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VW Mitigation Fund Plan

Gov. Jay Inslee designated us to lead efforts to develop a state plan and manage the funds for the federal Volkswagen settlement.

Washington will receive $112.7 million to reduce emissions from the nearly 24,000 Volkswagens in the state with emissions cheating software installed in them. Volkswagen knowingly installed the software to bypass emission testing. The automaker settled with the EPA  and as a result, states and tribes are receiving funds to reduce harmful air pollution.

Plan requirements

States and tribes have federal court requirements that must be followed when developing plans. Plans must include the following components:

  • Goal for use of funds.
  • Public involvement process.
  • Estimate of emissions reduced.
  • Potential air quality benefits in disproportionately impacted areas.
  • Spending percentages for each eligible spending category.

Approved spending categories

The settlement sets bounds on how funds can be spent. Money can only be invested in projects that replace or repower eligible vehicles, vessels, and equipment with new less-polluting diesel engines, alternate fueled (compressed natural gas, propane, or hybrid), or all-electric engines. Based on feedback from the public, state agencies, clean air agencies, and legislators, we proposed the following spending allocations in the draft plan.

Eligible Mitigation Action Categories with Preliminary Funding Allocation and Anticipated Percentage of Funds Eligible

  • On-Road Heavy Duty Vehicles (≤ 45%)
    • Priority: Electrification of public fleets, especially transit buses
      • Class 4-8 School Bus, Shuttle Bus, or Transit Bus (Eligible Buses)
      • Class 4-7 Local Freight Trucks (Medium Trucks)
      • Class 8 Local Freight Trucks and Port Drayage Trucks (Eligible Large Trucks)

  • Non-Road Equipment (≤ 5%)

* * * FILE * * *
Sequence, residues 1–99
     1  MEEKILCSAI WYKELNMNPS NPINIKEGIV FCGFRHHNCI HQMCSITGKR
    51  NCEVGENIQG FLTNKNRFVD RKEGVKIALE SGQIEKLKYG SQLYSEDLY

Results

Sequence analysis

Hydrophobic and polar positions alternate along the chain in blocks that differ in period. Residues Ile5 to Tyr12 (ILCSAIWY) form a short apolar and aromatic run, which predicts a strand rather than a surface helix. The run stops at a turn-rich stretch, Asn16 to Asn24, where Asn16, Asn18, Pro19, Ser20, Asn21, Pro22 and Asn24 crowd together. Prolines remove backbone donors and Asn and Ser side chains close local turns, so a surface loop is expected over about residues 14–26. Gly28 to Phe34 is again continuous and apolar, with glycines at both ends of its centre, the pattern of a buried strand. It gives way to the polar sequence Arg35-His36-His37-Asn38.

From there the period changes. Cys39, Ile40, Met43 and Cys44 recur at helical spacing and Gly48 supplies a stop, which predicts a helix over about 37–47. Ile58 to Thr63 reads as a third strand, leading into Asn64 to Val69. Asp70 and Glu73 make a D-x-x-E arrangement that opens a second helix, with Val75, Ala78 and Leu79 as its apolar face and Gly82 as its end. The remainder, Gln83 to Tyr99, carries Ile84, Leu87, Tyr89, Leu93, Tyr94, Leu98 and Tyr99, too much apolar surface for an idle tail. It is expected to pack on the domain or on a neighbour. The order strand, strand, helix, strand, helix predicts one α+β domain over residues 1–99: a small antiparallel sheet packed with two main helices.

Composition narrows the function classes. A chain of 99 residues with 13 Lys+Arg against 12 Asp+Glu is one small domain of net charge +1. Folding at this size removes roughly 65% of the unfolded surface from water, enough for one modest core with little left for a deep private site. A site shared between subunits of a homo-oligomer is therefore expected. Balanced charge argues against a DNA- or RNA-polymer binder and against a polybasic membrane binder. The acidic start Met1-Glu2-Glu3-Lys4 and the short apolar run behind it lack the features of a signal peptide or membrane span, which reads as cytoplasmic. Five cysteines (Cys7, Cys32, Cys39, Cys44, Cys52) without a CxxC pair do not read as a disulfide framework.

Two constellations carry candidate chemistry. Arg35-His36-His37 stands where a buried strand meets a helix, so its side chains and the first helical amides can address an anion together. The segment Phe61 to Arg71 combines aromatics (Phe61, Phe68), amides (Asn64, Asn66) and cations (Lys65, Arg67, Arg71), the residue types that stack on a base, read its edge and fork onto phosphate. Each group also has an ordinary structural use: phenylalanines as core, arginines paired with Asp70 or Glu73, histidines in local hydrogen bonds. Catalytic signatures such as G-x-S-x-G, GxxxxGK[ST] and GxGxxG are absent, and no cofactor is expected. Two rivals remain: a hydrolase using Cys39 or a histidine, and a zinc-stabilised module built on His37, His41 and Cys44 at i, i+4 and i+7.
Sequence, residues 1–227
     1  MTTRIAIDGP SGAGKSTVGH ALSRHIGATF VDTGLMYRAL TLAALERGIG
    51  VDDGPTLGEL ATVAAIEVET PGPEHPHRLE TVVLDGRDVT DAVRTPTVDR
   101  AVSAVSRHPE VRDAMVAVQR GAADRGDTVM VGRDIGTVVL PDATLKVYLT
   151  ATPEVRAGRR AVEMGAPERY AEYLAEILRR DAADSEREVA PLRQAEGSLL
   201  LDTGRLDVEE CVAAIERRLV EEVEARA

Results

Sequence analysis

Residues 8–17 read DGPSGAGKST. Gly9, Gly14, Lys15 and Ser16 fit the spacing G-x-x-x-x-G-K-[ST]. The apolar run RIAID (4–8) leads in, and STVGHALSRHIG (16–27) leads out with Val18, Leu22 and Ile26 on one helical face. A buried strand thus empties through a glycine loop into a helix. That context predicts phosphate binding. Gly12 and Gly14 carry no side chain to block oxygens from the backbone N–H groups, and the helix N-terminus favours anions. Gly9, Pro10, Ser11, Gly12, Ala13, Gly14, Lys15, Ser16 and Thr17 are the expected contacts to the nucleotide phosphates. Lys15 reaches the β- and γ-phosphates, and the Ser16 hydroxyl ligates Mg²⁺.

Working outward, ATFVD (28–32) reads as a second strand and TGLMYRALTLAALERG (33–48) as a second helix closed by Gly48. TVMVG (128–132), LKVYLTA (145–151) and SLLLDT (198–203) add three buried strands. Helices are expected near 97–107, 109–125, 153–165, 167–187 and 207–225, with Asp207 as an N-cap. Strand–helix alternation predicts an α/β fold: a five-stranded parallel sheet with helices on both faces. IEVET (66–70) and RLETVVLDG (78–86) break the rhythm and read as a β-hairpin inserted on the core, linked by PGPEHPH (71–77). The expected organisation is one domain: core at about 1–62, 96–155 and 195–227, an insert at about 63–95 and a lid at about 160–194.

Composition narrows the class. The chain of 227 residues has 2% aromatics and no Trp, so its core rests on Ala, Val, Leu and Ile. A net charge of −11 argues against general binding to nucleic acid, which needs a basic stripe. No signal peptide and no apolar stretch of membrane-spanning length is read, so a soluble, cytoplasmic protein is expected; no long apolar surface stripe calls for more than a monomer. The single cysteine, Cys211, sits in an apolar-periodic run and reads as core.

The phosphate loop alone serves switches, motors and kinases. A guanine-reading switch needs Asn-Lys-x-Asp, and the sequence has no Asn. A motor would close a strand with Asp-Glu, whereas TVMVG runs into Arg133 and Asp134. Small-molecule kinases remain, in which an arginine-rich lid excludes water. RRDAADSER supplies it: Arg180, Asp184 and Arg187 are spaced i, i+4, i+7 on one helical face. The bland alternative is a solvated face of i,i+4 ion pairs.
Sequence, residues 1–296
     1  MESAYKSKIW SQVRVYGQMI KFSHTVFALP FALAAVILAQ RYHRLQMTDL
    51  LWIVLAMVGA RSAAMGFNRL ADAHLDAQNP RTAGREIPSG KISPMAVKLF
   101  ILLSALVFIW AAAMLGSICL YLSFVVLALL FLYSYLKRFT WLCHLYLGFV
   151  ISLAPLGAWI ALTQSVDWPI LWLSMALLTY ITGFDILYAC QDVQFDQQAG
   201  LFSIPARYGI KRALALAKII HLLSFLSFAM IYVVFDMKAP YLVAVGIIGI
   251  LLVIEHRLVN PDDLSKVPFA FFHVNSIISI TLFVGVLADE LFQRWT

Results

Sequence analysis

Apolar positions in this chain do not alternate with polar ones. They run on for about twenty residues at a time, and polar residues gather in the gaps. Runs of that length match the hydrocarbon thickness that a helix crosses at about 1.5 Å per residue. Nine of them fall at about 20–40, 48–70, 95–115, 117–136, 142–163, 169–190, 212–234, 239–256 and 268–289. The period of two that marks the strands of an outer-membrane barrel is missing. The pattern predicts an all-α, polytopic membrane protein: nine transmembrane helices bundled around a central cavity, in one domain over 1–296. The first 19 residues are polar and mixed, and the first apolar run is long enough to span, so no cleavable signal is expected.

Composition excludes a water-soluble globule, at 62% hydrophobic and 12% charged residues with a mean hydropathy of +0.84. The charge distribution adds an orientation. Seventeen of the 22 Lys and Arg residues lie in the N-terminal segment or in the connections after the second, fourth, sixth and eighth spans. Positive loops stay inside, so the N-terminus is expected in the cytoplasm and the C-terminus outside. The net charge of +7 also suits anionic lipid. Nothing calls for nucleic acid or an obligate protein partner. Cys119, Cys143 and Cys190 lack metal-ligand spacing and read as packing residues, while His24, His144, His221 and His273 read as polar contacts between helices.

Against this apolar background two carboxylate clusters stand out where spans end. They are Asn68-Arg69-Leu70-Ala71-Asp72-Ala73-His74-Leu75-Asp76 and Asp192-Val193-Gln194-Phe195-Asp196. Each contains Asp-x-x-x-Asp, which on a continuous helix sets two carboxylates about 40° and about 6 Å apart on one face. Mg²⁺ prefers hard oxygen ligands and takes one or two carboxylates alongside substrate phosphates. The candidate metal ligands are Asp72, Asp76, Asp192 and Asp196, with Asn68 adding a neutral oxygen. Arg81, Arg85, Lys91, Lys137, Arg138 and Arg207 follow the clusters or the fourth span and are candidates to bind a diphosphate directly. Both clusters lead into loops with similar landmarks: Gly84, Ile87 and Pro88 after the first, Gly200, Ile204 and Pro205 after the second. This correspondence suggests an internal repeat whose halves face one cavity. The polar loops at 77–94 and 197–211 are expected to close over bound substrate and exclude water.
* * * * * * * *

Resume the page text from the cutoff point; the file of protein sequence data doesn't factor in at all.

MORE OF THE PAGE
• Priority: Electrification
      • Airport Ground Support Equipment
      • Forklifts and Port Cargo Handling Equipment

  • Locomotives (≤ 5%)
    • Priority: Publicly owned locomotives
      • Freight Switchers

  • Marine Vessels (≤ 45%)
    • Priority: Electrification of public vessels, especially ferry vessels
      • Ferries/Tugs
      • Ocean Going Vessels (OGV) Shore Power

  • Light Duty Zero Emission Vehicle Supply Equipment (up to 15%)

  • Diesel Emission Reduction Act (DERA) Option (≤ 5%)

An inclusive process for Washington's plan

Washington’s mitigation plan was built on the foundation of public input. We conducted a robust and inclusive public process that began in February 2017. Our outreach activities included hosting multiple webinars, briefing legislators, and meeting with representatives from many different groups. We worked with representatives from communities with high-levels of air pollution, business associations, public transportation associations, local governments, and environmental groups. To broaden our reach and be inclusive, we translated materials into five languages and reached out to the environmental justice community and asked them to provide feedback. We also partnered with several agencies to collect data and created a tool using the Washington Tracking Network to determine where diesel pollution disproportionately affects the public. We also worked closely with the VW Steering Committee to provide guidance and expertise as we folded all of the feedback into the plan.

Public feedback on the draft plan

We held a public comment period on our proposed plan from Nov. 16 – Dec. 19, 2017. Comments were submitted by private citizens, environmental organizations, environmental justice organizations, business and business associations, local governments, local clean air agencies, and public transportation agencies. The comments broadly align with Ecology’s proposed plan. Support is especially strong for projects that maximize both climate and health benefits, promote electrification of vehicles, vessels, and electric charging equipment, and projects that benefit disproportionately impacted communities.

People also showed support for investing in the following types of projects:
  • Cleaner engines in transit and school buses, with a preference for electric powered buses.
  • Electrification of port vessels and equipment, including electric ferries and shore power for marine vessels.
  • Electric charging infrastructure for passenger vehicles.
The above summary doesn’t include comments received outside the bounds of federal requirements for use of the money or were specific to project selection, which the plan does not address. Public comments and the plan are available for review on our website:

Next steps

The VW Steering Committee is currently reviewing the public’s feedback on the draft mitigation plan. Some of the next steps for the group include: 
  • Finalizing the mitigation plan.
  • ​Prioritizing categories for project solicitation.
  • Designing funding processes for awarding money for projects.
States and tribes must submit plans to the settlement trustee, Wilmington Trust, at least 30 days in advance of  requesting funds.

Stay informed

If you're interested in staying informed as the settlement progresses, sign up for our listserv to receive updates by email.